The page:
No one knows for sure when they arrived in Panama from South America, but in the 16th century, they had already occupied the 360 islands that we know today as the San Blas archipelago, pushed towards the Caribbean coast by enemy native tribes and Spanish conquerors. Today, the gunas are found mainly on the islands of San Blas, but also in the jungle of Chucunaque and Bayano.
The Guna people have fought for centuries to keep their culture and traditions alive. During the colonial period, they joined European corsairs and pirates in a series of successful attacks against the Spanish, who had vowed to eliminate them. As the Spanish empire dwindled, they settled in the present-day Darien and San Blas regions, in Panama, and in western Colombia, which granted them land and legal recognition towards the end of the 19th century. Panama, which at that time It was then a Colombian province, it declared its independence in 1903 and the agreements were ignored.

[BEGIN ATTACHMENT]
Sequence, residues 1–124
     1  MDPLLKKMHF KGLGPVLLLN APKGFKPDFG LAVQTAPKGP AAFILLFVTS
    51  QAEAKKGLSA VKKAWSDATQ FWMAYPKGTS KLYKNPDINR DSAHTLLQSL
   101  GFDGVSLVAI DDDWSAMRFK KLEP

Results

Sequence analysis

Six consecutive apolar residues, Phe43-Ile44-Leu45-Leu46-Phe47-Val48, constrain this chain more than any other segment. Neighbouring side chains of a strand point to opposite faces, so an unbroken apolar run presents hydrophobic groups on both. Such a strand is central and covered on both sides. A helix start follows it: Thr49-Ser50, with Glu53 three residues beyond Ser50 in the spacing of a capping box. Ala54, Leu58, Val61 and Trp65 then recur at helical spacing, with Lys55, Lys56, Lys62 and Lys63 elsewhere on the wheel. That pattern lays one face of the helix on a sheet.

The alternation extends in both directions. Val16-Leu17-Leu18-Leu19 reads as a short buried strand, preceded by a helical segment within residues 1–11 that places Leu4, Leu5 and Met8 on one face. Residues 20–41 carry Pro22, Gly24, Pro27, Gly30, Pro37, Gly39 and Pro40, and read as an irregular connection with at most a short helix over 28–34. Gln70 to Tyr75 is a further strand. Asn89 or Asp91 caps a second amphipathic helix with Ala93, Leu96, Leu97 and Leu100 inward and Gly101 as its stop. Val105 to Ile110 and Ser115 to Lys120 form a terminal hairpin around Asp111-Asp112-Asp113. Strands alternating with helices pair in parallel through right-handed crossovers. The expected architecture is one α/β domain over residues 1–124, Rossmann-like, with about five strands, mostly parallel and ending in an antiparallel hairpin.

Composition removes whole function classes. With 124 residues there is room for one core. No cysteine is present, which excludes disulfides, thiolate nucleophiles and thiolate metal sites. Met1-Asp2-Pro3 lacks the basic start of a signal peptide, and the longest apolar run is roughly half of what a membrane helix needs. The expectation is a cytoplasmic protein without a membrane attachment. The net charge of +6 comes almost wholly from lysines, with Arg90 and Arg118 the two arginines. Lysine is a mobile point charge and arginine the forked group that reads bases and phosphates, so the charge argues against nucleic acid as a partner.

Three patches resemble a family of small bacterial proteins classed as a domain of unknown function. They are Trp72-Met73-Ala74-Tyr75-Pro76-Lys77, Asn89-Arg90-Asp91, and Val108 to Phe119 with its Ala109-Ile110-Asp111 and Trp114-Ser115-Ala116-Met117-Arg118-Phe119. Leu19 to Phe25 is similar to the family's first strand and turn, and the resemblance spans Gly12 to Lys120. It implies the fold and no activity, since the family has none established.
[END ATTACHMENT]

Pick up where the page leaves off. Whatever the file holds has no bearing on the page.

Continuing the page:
The resentments reached a climax in 1925, when Richard O. Marsh, a Canadian adventurer, motivated the Gunas to declare the independence of Panama by creating the “Republic of Tule.” A peace treaty was later signed, and the Guna agreed to recognize Panamanian sovereignty only after the “wagas” (the no-guna) granted them a good deal of autonomy. Today, the Panamanian authorities rarely interfere with the Guna government and have created three special “comarcas” for themselves.
Guna women wear hand-sewn skirts and blouses known as “molas.” The ¨Mola¨ is an intricately stitched pattern made of layers of fabric in a reverse appliqué technique. The men wear a traditional Guna shirt and less traditional pants like jeans, or shorts. Guna women also paint their faces with a homemade blush made from achiote seeds. They also usually wear a nose ring and paint a line on their nose.
The Guna have the most advanced political system of any other indigenous group in Latin America.